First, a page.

There are some good practical efforts by small to large companies all over the world that we can look to for inspiration. Instead of just letting furloughed employees become idle, many companies closed and with strong health controls, lent their employees to critical industries such as increasing the stock at grocery stores, creating new food items for online shopping centers, making ventilators and masks, or working to create disinfectants. Several distilleries are making disinfectants in America. This should give us ideas: what if many of our idle staff could create new ways of study and teaching, new ways to support families and elders, new ways to provide care at home, new forms of grocery delivery and transportation in our rural settings, new ways to create commerce remotely working from home via online platforms, smaller and more controlled tourism and lodging, healthier foods for all, community and home gardening extravagance, and so forth. This sort of transition requires serious intent and positive outlook. In the face of complete wipeout of certain industries, we will have no choice but to learn to be flexible. Even those with strong careers who are currently assured of their jobs and pay will eventually have to change as the system is completely changing and reality will set in at some point. The systems of payment and handing of cash will have to change. Things like gas stations and handing of gas pumps will change. The amount of touching that happens will be replaced with technology. Thus, there is so much opportunity for our tribal peoples to be at the forefront.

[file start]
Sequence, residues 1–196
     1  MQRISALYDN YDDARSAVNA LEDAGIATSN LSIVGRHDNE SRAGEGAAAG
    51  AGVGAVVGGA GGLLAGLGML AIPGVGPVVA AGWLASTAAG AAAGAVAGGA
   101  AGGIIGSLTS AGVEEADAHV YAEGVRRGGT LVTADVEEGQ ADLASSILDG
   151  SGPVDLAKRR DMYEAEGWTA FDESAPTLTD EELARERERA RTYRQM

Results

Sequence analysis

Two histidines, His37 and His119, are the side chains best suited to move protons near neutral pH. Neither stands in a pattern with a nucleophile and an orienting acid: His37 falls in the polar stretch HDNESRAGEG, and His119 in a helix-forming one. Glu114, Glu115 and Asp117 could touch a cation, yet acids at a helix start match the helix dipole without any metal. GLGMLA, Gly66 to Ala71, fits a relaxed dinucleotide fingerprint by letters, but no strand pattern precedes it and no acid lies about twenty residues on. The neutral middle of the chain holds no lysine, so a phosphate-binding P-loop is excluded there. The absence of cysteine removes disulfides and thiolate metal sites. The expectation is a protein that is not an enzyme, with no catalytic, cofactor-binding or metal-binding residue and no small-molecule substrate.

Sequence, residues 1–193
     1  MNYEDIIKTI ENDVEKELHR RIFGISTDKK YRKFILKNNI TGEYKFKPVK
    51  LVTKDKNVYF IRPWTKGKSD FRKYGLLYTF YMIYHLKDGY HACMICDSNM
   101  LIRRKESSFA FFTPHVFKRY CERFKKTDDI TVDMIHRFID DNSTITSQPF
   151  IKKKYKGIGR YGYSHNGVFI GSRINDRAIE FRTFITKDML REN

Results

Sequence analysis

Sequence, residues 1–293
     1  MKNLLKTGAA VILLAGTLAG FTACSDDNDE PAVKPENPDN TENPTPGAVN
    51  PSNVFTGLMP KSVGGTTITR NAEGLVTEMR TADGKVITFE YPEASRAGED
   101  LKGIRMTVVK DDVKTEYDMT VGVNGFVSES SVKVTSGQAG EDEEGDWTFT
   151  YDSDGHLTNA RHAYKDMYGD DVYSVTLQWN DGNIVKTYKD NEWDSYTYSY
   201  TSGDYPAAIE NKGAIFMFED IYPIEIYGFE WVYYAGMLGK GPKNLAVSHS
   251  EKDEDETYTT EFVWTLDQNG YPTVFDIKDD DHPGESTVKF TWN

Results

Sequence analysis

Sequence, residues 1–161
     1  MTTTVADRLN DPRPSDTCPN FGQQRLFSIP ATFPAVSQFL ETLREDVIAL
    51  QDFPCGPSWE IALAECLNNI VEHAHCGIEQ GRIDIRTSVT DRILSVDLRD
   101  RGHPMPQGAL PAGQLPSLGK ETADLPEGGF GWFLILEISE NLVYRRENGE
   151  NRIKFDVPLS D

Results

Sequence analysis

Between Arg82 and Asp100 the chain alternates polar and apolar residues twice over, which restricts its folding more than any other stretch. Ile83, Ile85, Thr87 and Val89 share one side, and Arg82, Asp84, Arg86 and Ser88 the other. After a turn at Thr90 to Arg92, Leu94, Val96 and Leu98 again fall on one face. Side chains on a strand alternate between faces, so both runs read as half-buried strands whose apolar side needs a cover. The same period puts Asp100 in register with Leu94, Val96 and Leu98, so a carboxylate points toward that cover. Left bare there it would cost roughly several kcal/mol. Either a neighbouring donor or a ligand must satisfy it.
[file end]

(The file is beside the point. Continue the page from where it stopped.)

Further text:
Most of us and our families will get through this fine, especially health wise. We should focus and embrace the change. Start the conversations if you are a family leader, an entrepreneur, a preacher, a medicine man, a teacher. We have to accept that this happened and is happening and start making decisions for a different and better future. We all have the vision and experience, the stories from our ancestors, to build a future that will withstand all time.

With honor, respect for our ancestors and future generations, with love for you and all our relations, with utmost respect of our precious Mother Earth and Father sky, with gratitude to our Diyin,

Ahxehee (thank you)

Tony Skrelunas